# Implementation of oil-painting filter for images

This is web exercise 3.1.14. from the book Computer Science An Interdisciplinary Approach by Sedgewick & Wayne:

Set pixel (i, j) to the color of the most frequent value among pixels with Manhattan distance W of (i, j) in the original image.

Here is my program:

import java.awt.Color;

public class OilPaintingFilter
{
public static int findNumberOfPixels(int distance)
{
int numberOfPixels = 4;
if (distance == 1) return numberOfPixels;
int increment = 8;
for (int i = 2; i <= distance; i++)
{
numberOfPixels += increment;
increment += 4;
}
return numberOfPixels;
}
public static Color[] findNeighboringColors(Picture picture, int col, int row, int distance)
{
int width = picture.width();
int height = picture.height();
Color[] pixels = new Color[findNumberOfPixels(distance)+1];
int counter = 0;
for (int j = col-distance; j <= col+distance; j++)
{
for (int i = row-distance; i <= row+distance; i++)
{
if ((Math.abs(col-j) + Math.abs(row-i)) <= distance)
{
pixels[counter] = picture.get(Math.abs(j)%width,Math.abs(i)%height);
counter++;
}
}
}
return pixels;
}
public static Color findMostFrequentNeighbor(Color[] pixels)
{
int[] colors = new int[pixels.length];
for (int i = 0; i < pixels.length; i++)
{
for (int j = 0; j < pixels.length; j++)
{
if (pixels[i].equals(pixels[j]))
{
colors[i]++;
}
}
}
int max = 0;
int index = 0;
for (int i = 0; i < pixels.length; i++)
{
if (colors[i] > max)
{
max = colors[i];
index = i;
}
}
return pixels[index];
}
public static Picture applyPaintingFilter(Picture picture, int distance)
{
int width = picture.width();
int height = picture.height();
Picture newPicture = new Picture(width,height);
for (int col = 0; col < width; col++)
{
for (int row = 0; row < height; row++)
{
Color newColor = findMostFrequentNeighbor(findNeighboringColors(picture, col, row, distance));
newPicture.set(col,row,newColor);
}
}
return newPicture;
}
public static void main(String[] args)
{
Picture picture = new Picture(args[0]);
int distance = Integer.parseInt(args[1]);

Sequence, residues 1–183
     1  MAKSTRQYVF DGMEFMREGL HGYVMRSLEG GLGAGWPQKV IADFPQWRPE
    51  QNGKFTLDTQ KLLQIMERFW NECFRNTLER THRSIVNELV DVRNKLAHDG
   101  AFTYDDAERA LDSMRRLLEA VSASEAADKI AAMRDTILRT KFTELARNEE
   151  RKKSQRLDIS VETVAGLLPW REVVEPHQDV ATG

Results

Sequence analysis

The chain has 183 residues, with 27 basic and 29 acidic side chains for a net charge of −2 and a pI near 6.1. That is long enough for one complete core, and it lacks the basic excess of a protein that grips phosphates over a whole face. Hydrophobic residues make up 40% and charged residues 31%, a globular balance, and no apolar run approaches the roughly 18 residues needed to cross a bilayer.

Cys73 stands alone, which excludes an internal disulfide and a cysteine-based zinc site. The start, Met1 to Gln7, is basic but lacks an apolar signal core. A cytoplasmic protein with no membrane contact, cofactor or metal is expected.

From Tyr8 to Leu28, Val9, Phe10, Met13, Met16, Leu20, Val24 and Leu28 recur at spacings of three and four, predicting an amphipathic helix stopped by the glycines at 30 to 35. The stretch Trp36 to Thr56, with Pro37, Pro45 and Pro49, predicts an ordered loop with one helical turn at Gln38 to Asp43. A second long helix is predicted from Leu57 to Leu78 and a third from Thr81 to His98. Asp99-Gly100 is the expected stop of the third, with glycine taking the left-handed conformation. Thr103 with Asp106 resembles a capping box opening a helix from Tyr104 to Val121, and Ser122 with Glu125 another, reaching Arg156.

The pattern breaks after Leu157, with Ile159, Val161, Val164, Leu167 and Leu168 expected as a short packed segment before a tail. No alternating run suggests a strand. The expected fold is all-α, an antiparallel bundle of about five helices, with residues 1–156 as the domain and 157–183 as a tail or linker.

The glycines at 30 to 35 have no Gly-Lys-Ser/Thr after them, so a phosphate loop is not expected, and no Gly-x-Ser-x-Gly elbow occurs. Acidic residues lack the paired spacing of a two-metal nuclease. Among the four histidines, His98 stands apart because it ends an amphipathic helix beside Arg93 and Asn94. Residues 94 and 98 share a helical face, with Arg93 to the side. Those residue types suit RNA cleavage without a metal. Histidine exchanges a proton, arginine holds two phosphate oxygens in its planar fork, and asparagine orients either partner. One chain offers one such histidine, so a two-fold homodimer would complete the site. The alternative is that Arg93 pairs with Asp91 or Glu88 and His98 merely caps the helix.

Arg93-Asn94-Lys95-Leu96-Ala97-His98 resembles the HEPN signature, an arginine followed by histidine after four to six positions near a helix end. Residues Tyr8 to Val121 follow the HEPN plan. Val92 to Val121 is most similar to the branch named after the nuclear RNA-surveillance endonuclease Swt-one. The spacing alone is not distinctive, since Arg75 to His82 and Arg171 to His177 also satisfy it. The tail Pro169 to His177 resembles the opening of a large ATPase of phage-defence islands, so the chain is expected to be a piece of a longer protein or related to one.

Picture newPicture = applyPaintingFilter(picture, distance);
newPicture.show();
}
}

Picture is a simple API written by the authors of the book. I checked my program and it works. Here is one instance of it:

Input (picture of a puffin taken from Pinterest):

with Manhattan distance = 10

Output:

Is there any way that I can improve my program?

That's a pretty cool application and it's nice to see the output!

There are a few things I'd like to cover :

• Let's say you were to print the output of findNumberOfPixels everytime you ran it, you'd see that it always outputs the same number. Why? Because distance never changes and your function doesn't rely on anything else. What this means is that instead of computing the "number of pixels" everytime you want to find the color for pixel intensity I(X,Y), you could call findNumberOfPixels only once and reuse the same result. With that, I also think that your function could be evaluated in "one shot", meaning that there's clearly an equation that could get you the number of pixels without iterating on anything.
• The combination of findNeighboringColors and findMostFrequentNeighbor seem a little overkill. Although the code does what it's supposed to do, you iterate a lot of times to do something that is pretty simple. What if, instead of having a function that returns all the individual pixel intensities in the neighborhood and another function that finds the most frequent value, you had only one function that found the most repeated color in a neighborhood? You'd only need to change the code in findNeighboringColors to return say... a dictionary where key=color, value=count. Then you could pick the color that has the highest count (I'll leave you the exercise of implementing that function, but you pretty much have all the necessary tools in the findNeighboringColors function already!)
• Finally, I was wondering why the bottom of your image is also blue. There's nothing wrong with it considering it looks pretty, but it's also not how the code is supposed to behave. I figured it was related to the usage of modulos : picture.get(Math.abs(j)%width,Math.abs(i)%height);. While this works, you could be interesed in a technique called padding that often comes back in computer vision when you have to deal with neighborhood. The idea is that before starting to compute your image, you "grow" it by a certain number of pixels (in your case, distance). You should then set these pixels to the closest value from the real image. This way, you wouldn't need to use modulo and the blue line at the bottom would be black-ish, like expected.

That's pretty much all, but I gotta say good job it looks really nice (both the output and the code)

• Thank you very much. I appreciate your feedback. :) – Khashayar Baghizadeh Sep 10 '20 at 13:57

Just my few cents...

There is no reason to treat distance == 1 differently:

public static int findNumberOfPixels(int distance)
{
int numberOfPixels = 0;
int increment = 4;
for (int i = 1; i <= distance; i++)
{
numberOfPixels += increment;
increment += 4;
}
return numberOfPixels;
}

Furthermore, this method returns the same output for the same input every time. But you are calling it once for every pixel. It might be better to compute this value only once.

• Also he can remove cycle inside this function, because it makes fine arithmetic progression numberOfPixels += lim * (increment + 2 * lim - 2); where lim is distance-1 – Sugar Sep 9 '20 at 16:20